When the metal carbide chosen is tungsten carbide and the one-layer method is used, the invention consists of depositing by plasma or d-gun deposition a coating composed of a mixture of two or more components. One component consists of essentially tungsten carbide-0 to 15 Co. This component may consist of a mixture of phases of WC, W2 C and M6 C (Co3 W3 C, etc.) with the balance of the cobalt in a metallic form. A small amount of iron or other elements may be present in this component. The specific carbon content may range from about 4.60 to 6.13 when stoichiometric WC is used to about 3.20 to 6.13 when part of the carbide is nonstoichiometric. It may contain up to 2.0 Fe and a reasonable amount of trace impurities.
The second component may be a single alloy or a mixture of alloys with a total composition of 3.0 to 18.0 B, 0 to 6.0 Si, 0 to 20.0 Cr, 0 to 5.0 Fe. An example of a mixture of alloys would be 40 to 60 wt.% of an alloy of 14.0 to 19.0 B, 0 to 3.5 Fe, 0 to 1.0 Si, balance nickel and 60 to 40 wt.% of an alloy of 2.0 to 4.0 B, 2.0 to 6.0 Si, 1.0 to 5.0 Fe, 0 to 20.0 Cr, balance nickel. The mixture of components consists of 75 to 55 percent of the first (tungsten carbide) component and 25 to 45 percent of the second (reactive metal) component. The coating may be applied to any iron, nickel or cobalt base alloy substrate.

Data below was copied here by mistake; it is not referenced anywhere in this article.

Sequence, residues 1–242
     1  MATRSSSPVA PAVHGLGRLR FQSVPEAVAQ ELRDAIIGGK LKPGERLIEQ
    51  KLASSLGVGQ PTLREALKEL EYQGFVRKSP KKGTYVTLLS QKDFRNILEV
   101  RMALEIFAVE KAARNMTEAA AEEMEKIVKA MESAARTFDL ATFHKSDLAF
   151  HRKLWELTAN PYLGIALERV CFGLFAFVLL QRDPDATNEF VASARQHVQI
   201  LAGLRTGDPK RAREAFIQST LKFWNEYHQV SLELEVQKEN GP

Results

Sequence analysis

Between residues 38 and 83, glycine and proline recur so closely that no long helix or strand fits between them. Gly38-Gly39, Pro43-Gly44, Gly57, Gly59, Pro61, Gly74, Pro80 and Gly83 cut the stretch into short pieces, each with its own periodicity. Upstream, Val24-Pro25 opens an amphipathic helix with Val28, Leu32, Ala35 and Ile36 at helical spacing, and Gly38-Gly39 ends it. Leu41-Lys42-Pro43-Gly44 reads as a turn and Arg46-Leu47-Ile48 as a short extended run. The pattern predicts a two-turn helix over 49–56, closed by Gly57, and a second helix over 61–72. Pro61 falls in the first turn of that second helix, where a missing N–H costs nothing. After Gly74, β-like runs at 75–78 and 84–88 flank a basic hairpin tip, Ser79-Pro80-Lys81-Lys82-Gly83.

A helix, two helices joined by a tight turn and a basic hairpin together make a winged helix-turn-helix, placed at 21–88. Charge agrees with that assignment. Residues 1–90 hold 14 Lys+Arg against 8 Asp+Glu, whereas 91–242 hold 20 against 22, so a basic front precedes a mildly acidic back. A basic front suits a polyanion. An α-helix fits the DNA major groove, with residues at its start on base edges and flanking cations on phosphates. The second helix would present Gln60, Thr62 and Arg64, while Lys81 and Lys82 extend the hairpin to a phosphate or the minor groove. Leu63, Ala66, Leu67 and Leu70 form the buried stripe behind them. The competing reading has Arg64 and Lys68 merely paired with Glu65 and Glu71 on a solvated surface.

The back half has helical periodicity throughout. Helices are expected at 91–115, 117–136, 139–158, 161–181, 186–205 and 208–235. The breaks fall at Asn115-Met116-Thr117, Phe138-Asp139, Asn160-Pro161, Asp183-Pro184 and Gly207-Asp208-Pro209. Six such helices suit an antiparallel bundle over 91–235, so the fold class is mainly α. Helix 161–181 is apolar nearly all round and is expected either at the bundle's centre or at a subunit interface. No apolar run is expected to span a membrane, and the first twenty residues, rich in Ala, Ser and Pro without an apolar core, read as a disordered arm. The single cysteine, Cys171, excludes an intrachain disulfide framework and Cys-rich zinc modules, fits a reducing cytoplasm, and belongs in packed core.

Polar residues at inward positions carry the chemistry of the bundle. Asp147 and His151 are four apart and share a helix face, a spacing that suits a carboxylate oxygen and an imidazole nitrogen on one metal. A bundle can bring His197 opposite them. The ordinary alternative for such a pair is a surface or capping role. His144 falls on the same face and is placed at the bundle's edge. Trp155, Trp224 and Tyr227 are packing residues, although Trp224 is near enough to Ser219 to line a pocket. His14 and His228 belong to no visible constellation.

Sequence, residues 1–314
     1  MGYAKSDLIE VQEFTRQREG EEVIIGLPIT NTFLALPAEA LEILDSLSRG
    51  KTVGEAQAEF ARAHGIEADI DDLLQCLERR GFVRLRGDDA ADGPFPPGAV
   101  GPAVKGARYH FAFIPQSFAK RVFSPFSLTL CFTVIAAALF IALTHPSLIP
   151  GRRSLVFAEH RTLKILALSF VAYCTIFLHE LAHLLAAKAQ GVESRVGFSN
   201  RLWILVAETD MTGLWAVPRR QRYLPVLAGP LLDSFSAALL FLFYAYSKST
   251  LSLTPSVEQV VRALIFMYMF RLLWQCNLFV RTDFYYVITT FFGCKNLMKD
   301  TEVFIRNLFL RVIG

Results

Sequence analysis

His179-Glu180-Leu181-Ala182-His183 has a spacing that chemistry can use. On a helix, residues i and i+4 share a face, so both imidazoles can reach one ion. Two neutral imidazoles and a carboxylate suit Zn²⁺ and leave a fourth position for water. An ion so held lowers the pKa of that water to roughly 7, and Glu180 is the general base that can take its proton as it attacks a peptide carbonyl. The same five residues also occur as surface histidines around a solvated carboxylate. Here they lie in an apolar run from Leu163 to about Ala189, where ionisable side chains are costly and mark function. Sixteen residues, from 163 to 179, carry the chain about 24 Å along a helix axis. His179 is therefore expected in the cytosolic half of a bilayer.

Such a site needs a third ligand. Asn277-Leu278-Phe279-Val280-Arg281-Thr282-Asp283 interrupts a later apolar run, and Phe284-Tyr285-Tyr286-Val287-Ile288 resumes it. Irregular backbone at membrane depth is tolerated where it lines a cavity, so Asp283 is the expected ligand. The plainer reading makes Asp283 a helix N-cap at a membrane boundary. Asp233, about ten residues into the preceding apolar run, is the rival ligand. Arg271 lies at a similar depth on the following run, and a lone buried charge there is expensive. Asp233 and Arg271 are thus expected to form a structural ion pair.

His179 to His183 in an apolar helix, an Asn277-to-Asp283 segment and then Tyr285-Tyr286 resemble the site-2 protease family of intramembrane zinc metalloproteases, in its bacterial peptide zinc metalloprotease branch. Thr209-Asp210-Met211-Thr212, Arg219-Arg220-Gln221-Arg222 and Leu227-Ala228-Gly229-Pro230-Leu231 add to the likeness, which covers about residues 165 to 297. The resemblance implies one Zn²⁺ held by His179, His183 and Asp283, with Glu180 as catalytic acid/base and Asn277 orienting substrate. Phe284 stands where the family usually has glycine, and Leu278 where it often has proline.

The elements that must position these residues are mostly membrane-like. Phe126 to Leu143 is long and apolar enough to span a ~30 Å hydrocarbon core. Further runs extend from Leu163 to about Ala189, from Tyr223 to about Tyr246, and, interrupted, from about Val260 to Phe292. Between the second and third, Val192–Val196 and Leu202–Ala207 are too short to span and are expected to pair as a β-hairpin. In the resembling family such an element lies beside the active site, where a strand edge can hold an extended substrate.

After the coating is applied, the component is heat treated at a temperature of greater than 950° C. for a time sufficient to cause reaction and/or diffusion between the components of the coating. A limited, but important amount of diffusion/reaction occurs with the substrate.